Emphasize achievements, not responsibilities.

Your resume should be results-oriented, to show the reader that you’d bring that focus to your job in their HR department. Make sure your bullet points show growth and achievement. If you worked as part of a team that implemented new employee policies, what was the outcome of that? If you helped roll out a new program, what were the results? Obviously, only include achievements with a positive thrust—or spin them a bit.

Spearheaded an initiative that improved employee retention by 25% over two years.

Innovated new workflows for onboarding new employees

Designed and implemented an employee wellness program that cut employee sick days by 10%

Don’t those sound more appealing than “processed new employee orientation forms” or “served on a committee to improve employee retention”? The trick is making sure you’re using potent action verbs to show that you’ve been busy achieving, not just showing up. Keeping the focus on your achievements also shows that you’re goal-oriented.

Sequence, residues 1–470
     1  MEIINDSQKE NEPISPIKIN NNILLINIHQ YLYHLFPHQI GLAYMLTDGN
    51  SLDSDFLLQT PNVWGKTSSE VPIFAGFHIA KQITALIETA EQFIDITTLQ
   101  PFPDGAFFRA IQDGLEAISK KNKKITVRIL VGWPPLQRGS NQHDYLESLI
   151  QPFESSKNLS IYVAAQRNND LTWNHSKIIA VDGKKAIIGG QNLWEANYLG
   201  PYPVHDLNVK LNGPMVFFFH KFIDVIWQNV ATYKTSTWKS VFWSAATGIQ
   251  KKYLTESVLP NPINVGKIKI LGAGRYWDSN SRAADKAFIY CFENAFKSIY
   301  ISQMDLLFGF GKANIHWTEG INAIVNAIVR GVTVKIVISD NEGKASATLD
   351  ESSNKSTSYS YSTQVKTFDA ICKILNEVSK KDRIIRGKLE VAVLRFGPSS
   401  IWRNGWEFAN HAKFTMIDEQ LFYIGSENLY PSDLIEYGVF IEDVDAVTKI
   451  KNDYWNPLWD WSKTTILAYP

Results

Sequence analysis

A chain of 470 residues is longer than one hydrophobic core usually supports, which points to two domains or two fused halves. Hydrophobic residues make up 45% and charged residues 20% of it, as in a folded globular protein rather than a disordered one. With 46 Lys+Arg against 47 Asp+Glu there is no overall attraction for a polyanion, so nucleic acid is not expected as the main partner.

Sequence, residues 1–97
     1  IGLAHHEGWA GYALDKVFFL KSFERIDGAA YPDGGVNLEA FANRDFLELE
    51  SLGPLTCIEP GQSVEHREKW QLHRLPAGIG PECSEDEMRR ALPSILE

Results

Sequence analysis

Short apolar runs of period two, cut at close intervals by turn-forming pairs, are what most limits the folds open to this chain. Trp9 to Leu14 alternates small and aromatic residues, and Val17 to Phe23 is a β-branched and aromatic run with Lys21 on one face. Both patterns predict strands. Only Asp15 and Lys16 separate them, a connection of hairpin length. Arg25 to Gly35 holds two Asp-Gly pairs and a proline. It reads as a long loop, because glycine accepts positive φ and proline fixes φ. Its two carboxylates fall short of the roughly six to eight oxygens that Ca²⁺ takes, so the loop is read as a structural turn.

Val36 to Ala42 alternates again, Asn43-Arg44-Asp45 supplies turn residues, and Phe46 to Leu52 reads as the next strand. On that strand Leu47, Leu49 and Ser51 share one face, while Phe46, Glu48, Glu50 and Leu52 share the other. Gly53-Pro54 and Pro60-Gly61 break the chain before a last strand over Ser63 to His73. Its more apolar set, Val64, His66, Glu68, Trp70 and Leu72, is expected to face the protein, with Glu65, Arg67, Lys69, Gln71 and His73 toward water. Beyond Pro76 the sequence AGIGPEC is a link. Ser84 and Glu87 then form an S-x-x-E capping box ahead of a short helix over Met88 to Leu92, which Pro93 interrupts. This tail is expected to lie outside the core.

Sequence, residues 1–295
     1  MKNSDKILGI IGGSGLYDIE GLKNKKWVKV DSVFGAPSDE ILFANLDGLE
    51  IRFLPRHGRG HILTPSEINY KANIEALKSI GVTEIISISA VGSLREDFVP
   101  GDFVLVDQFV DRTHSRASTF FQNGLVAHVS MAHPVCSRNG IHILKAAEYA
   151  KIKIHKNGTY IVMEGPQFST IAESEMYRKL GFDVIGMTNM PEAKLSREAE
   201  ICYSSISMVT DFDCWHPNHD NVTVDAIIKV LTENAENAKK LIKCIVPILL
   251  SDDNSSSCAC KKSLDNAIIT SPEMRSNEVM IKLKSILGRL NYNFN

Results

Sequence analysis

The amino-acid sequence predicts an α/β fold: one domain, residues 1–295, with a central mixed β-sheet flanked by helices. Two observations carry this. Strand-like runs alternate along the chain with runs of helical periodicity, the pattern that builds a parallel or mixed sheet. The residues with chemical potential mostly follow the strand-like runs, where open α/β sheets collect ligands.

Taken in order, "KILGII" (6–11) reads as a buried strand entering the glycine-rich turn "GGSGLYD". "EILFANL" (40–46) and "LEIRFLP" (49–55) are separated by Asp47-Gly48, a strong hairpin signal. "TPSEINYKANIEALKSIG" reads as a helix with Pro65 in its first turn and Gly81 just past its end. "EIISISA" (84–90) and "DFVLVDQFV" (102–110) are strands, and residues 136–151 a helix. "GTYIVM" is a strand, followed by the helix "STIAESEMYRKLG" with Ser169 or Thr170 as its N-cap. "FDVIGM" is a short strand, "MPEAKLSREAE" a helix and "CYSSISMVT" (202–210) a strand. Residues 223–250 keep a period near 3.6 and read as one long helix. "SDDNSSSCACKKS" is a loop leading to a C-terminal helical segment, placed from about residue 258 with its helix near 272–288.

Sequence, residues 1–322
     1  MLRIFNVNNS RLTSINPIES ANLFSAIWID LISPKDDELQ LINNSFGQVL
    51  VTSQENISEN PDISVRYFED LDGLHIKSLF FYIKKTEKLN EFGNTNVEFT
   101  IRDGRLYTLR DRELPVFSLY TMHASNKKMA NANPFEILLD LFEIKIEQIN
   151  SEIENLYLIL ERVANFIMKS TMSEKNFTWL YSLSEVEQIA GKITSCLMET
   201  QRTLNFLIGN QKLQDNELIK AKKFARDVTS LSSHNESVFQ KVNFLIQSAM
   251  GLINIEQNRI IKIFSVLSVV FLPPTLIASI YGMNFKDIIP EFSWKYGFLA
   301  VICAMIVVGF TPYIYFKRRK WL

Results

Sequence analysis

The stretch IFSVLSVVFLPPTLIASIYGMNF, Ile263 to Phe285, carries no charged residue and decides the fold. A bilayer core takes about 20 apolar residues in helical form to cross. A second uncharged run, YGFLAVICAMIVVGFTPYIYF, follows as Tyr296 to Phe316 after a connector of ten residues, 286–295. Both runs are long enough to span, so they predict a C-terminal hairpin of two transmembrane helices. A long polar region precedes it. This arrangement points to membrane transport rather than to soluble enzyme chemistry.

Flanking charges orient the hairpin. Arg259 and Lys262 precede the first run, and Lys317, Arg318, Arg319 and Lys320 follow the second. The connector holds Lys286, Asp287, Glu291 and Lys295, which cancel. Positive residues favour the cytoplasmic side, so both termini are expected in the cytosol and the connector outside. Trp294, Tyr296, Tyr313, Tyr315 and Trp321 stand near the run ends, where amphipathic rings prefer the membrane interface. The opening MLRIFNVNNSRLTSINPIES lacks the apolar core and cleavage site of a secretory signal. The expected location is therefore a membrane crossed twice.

Use the right keywords.

As an HR professional, you probably know better than anyone how automated tools and digital systems are shaping the hiring process. Make sure you’re taking steps to beat that system as well. That means including keywords that can be caught by all readers, human and robot. One way to help boost your keyword quotient is to spell out things you might otherwise abbreviate, assuming that your fellow Human Resources peeps will understand and taking the space for something else. For example: SHRM Certification becomes Society for Human Resource Management Certified. You can abbreviate it elsewhere in your resume, but having it spelled out once can help you with a scanning algorithm.

If you’re stuck for key words, read the job description carefully and make sure you’re mirroring the words it uses. You should also make sure you’re sprinkling the key words throughout the resume. It can be tempting to cram them all in a “skills” or “core competencies” section, but putting them throughout can help keep the reader’s interest throughout the whole resume.

Make sure you’re up on the latest technology.

HR has become a field that is highly dependent on digital tools and databases, so it’s important to know what the big software names are, as well as any trendy apps or programs. Be specific in your Technology Skills section. Everyone’s going to include things like “Microsoft Office” and “Excel,” but the more specific you can be about your tech expertise, the better it enhances your resume. Make sure you’re calling software or programs out by name.